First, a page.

Benjamin Sisko's face is molded in a bland, neutral expression that actually characterizes well Sisko's initial emotional resonance. This incarnation of Sisko was characterized as beaten and soulless, so the lack of defined expression suits the character remarkably well. The hair is little more than a raised portion on the head which has then been colored black; there is little texture to it. Interestingly, while the skin and uniform are cast in a glossy plastic, Sisko's hair is painted with a black matte finish.

The paint job is fair, especially for the face. The skin tones are monotonal brown with no shading or subtlety. The figure's lips are painted an unnaturally bright pink which looks somewhat ridiculous. As well, Sisko's eyes are brown with white pupils, which is disturbing. Either the paint job was rushed or it chips off the figures, which is disturbing because mine went from their packages to a display with no play in between, as my Sisko has extra paint on his pants and two or three chips out of his shoulder!


Benjamin Sisko from “Crossover” comes with five accessories, including the base, most of which were recycled from other figures. Sisko comes with a disruptor pistol, long knife, StarFleet type II phaser, bottle of liquid nutrient (because, one supposes, toys aren't supposed to come with bottles of alcohol), and the base. The Action base is a StarFleet delta shield symbol with the name "SISKO" stuck on it with a cheap, black sticker. The center of the base has a peg which fits into the hole in either of Benjamin Sisko's feet! When Sisko stands flatfooted on the stand, he is stable for balance and has a decent, neutral display appearance. The base is also enough to support Sisko in more outlandish poses, which is nice.

The StarFleet phaser is the same Type II phaser accessory that came with many of the Star Trek: The Next Generation action figures. It is a 2 1/2" long prop which features the dustbuster-shaped beam weapon with a bright pink phaser beam emitting from it. The phaser has good molded details, down to the different buttons and a display screen, but is light on the coloring details. In addition to not having a black grip, the phaser does not have detailing on the buttons or power indicator, so it is homogeneously silver to the beam, then monotonally pink. Sisko's hands are molded so he may carry the weapon in either hand.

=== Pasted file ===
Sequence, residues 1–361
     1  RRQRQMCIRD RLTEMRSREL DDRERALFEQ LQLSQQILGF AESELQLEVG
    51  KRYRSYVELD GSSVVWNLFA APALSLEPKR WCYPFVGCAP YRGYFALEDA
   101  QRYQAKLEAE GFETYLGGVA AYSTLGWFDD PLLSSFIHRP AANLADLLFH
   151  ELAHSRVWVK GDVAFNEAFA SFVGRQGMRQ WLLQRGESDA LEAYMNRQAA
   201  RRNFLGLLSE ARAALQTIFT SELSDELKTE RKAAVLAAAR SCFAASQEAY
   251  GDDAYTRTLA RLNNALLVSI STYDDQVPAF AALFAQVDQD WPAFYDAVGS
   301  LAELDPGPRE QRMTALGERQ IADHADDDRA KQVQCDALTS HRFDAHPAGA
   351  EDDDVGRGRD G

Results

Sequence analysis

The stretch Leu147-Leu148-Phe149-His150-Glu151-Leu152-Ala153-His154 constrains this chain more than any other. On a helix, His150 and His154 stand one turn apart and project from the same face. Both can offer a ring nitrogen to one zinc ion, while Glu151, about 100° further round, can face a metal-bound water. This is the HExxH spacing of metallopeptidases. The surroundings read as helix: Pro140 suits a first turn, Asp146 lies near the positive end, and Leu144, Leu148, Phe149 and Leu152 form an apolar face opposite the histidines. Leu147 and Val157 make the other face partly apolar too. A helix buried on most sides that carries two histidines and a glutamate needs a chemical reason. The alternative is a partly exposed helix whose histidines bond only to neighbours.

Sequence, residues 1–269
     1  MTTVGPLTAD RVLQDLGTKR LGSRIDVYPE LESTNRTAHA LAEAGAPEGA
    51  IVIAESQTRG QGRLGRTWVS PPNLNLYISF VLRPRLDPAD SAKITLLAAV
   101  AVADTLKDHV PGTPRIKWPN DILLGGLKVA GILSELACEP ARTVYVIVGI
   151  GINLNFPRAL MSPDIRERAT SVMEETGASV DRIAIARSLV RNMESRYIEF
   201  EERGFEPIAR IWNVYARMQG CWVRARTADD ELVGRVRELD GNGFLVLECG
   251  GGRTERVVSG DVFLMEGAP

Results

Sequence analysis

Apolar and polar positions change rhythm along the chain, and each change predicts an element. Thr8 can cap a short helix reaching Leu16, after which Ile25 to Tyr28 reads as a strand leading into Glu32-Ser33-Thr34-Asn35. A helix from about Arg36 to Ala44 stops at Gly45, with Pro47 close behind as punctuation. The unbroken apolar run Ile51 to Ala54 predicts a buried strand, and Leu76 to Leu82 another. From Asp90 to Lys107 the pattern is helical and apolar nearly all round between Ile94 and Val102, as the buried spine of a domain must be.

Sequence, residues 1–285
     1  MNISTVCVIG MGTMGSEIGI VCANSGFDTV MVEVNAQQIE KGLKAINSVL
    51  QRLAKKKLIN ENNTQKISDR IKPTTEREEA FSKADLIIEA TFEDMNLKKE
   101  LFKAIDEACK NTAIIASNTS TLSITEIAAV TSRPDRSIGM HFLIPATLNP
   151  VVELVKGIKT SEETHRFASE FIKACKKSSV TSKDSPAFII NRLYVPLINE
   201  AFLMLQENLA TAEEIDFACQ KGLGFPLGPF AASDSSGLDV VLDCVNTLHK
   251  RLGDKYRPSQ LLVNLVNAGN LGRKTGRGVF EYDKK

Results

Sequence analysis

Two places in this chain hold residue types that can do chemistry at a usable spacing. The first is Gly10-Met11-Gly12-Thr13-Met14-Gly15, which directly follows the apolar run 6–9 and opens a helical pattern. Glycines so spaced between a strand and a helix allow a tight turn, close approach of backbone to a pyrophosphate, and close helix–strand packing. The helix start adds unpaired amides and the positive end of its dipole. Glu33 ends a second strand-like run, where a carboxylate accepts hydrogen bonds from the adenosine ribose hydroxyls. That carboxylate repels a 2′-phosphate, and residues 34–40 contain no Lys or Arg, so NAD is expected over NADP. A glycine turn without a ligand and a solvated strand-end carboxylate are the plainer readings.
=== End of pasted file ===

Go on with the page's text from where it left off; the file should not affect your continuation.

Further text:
The Klingon disruptor is the same disruptor that has been in circulation since the first Gowron figure, save this one is cast in a terrible teal plastic. The 1 3/8" long plastic gun has decent molded details, but no coloring details. It fits poorly into either of Sisko's hands.

The knife is a jagged 1 1/2" dagger that is intended to look like it has leather wrappings on the hilt. It would look much better if it had realistic coloring, but instead it looks like a jagged piece of plastic in either of Sisko's hands.

The bottle of liquid nutrient (or booze as fans of the show know it actually was), is a vaguely carafe-shaped plastic tube with a hole in the top. Sadly, this looks ridiculous in either of Sisko's hands as it is teal-green and opaque. It could have looked cool with the right production, but Playmates cheaped out on the accessories here.

Unfortunately, that's the way it is for all three of Sisko's non-phaser accessories; they are molded in an utterly unrealistic teal green plastic and features no painted accent work to make them match the coloring detail of the actual action figure. Clearly Playmates went through some effort to sculpt the accessories realistically, but the coloring minimizes the sense of realism and completely clashes with the coloring of the figure.